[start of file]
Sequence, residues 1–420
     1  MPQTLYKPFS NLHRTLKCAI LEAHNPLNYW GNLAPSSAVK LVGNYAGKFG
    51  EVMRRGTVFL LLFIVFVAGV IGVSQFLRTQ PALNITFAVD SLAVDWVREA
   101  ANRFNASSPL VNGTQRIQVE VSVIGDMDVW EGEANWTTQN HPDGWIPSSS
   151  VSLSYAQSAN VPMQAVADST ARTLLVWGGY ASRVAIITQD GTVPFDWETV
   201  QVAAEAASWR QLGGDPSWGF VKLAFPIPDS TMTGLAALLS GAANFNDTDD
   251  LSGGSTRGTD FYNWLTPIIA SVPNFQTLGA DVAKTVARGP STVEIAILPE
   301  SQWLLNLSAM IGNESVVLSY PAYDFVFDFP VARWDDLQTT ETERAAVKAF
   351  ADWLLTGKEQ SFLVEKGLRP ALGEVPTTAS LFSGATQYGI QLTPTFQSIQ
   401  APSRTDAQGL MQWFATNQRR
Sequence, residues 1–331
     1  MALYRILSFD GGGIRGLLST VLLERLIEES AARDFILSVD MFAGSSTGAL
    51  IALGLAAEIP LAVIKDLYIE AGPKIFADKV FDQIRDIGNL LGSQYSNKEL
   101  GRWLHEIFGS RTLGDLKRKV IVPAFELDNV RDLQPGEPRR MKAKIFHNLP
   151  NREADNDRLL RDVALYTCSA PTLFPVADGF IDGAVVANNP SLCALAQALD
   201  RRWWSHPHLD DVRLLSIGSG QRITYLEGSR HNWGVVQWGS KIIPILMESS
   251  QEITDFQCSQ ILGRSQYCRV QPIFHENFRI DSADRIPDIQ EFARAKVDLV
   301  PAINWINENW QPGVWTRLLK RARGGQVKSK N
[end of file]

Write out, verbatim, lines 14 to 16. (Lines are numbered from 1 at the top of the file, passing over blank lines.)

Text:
   101  GRWLHEIFGS RTLGDLKRKV IVPAFELDNV RDLQPGEPRR MKAKIFHNLP
   151  NREADNDRLL RDVALYTCSA PTLFPVADGF IDGAVVANNP SLCALAQALD
   201  RRWWSHPHLD DVRLLSIGSG QRITYLEGSR HNWGVVQWGS KIIPILMESS